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Doing this one simple thing has transformed my marriage

The one simple thing that has transformed my marriage

“You’re okay with me being completely honest?” I asked the producer yesterday as I sat down to film a piece sharing practical advice for engaged couples.

“Yes, absolutely.” He replied.

I pressed further, just to make sure he knew what he was getting himself into. “So you’re good with me sharing that marriage isn’t all rainbows and roses? Because I’m not here to pretend that I have it figured out or that our marriage has been a walk in the park.”

The producer assured me that’s exactly why they’d asked me to participate in this project. They wanted my completely authentic and honest voice.

As I talked openly about our struggles and victories while the cameras rolled, I couldn’t help but reflect on the past almost 12 years of our marriage and how it’s looked so much different than I expected it would on our wedding day.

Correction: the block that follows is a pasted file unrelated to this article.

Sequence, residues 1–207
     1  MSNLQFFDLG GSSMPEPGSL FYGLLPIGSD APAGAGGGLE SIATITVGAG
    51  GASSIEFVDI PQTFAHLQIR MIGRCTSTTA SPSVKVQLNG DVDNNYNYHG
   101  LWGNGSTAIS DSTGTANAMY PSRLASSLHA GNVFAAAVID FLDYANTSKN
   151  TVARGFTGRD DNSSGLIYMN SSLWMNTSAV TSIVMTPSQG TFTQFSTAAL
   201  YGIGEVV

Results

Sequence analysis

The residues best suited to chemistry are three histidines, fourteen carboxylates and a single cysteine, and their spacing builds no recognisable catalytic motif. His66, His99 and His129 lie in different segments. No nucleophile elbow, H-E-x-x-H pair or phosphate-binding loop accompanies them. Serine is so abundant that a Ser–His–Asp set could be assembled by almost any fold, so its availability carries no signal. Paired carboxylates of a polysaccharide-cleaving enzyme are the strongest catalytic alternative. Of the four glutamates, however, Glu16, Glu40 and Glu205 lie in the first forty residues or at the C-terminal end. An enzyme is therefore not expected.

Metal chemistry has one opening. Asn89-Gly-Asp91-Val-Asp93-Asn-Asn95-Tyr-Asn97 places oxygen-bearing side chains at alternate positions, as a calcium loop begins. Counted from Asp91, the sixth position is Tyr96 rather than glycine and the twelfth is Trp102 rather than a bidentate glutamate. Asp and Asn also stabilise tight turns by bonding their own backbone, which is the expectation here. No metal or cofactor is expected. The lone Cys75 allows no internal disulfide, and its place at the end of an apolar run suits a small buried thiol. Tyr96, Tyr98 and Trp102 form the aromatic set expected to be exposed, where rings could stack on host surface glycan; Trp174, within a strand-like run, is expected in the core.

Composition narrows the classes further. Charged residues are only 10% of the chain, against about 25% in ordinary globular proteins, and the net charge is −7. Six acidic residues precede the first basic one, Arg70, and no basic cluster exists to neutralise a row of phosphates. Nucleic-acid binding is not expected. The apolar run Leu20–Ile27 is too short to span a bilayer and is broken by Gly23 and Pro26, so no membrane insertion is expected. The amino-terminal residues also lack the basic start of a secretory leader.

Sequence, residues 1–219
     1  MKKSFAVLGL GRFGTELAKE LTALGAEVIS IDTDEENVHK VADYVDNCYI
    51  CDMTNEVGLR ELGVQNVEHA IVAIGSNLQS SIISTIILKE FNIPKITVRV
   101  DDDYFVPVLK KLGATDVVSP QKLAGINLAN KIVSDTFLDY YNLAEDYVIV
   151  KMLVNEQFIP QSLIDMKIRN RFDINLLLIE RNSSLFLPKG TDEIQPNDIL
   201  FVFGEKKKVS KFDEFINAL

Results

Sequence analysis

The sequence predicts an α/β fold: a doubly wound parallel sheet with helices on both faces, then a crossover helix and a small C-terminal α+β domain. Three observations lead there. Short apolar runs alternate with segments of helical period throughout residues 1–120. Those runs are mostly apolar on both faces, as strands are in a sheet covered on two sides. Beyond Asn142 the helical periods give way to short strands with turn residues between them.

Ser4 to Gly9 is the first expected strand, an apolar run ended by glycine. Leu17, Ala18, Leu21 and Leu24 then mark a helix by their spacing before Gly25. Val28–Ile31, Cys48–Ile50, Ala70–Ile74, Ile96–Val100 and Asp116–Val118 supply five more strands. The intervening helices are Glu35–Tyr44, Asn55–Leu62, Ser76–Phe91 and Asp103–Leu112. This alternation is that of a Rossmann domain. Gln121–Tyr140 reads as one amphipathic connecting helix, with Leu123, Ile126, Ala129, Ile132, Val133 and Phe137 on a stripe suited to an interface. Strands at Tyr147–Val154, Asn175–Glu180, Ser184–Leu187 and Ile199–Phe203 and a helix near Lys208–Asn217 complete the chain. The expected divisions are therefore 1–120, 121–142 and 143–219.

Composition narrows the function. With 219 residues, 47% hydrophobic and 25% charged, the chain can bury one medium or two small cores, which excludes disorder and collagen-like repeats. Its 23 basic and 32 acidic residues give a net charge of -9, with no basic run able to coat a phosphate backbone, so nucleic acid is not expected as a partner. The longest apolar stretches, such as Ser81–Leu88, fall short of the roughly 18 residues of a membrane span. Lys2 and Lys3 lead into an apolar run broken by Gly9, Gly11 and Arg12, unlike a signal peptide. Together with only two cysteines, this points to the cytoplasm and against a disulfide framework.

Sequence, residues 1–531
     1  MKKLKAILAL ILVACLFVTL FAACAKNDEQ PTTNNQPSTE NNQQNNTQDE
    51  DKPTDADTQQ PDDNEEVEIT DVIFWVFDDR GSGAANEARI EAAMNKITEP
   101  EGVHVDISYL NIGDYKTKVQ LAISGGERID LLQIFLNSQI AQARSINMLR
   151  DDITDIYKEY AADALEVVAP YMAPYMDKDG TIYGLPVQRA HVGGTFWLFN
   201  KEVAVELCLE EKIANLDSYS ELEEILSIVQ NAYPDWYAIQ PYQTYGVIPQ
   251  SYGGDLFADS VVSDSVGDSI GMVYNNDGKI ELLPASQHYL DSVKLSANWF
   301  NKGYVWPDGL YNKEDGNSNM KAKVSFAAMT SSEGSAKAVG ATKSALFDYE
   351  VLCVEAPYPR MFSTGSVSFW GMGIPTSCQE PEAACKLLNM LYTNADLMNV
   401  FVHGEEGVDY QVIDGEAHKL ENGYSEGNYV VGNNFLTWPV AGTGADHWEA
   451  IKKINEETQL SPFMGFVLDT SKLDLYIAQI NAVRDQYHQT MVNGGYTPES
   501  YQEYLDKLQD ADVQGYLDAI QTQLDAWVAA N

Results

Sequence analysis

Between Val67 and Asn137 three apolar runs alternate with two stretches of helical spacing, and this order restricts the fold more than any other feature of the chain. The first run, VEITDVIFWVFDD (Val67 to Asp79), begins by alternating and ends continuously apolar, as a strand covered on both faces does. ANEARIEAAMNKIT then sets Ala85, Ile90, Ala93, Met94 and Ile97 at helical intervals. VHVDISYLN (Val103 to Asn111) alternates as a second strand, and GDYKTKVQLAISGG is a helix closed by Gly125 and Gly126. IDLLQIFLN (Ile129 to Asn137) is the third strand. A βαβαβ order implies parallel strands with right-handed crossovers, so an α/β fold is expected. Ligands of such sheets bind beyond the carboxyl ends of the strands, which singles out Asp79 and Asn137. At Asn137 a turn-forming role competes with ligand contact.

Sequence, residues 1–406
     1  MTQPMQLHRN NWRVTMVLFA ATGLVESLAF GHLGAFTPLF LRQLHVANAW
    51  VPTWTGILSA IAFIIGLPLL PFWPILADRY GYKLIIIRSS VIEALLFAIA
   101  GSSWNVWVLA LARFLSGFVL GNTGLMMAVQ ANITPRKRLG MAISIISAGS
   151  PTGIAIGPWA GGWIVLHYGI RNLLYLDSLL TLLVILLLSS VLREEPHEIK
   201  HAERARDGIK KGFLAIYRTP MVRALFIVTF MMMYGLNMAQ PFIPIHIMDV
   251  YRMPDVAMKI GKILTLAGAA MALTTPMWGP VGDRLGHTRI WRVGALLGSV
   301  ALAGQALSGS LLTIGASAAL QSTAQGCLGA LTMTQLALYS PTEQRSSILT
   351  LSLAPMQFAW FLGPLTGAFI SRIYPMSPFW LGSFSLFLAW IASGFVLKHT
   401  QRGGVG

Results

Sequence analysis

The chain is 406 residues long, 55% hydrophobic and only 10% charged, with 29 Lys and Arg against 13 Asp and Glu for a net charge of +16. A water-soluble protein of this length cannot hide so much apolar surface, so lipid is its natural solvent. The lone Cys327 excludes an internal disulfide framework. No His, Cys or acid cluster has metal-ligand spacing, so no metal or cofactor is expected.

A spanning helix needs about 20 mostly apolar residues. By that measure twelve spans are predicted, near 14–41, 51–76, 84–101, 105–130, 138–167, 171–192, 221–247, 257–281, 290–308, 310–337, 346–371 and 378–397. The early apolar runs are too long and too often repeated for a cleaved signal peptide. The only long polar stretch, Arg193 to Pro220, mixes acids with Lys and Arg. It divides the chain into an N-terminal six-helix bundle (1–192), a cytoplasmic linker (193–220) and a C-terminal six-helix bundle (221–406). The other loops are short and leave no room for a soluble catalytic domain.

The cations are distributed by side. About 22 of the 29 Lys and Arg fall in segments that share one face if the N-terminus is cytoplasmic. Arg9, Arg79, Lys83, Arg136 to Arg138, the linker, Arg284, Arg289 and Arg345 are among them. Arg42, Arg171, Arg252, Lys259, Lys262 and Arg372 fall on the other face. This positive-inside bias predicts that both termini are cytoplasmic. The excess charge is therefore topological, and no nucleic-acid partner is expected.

We were blessed to go into marriage with similar core values. We were blessed to have a strong foundation of character and legacy handed to us from our parents.

But core values, character, and legacy didn’t make us immune to marriage struggles. In fact, I think it made us even more surprised when they came… because this wasn’t part of “the plan.”

We’ve weathered a lot of storms together… the lean law school years, multiple job losses, postpartum depression, starting multiple businesses, infertility struggles, quitting multiple businesses, struggles with anxiety, and years of baggage we’d never dealt with that we both brought into marriage.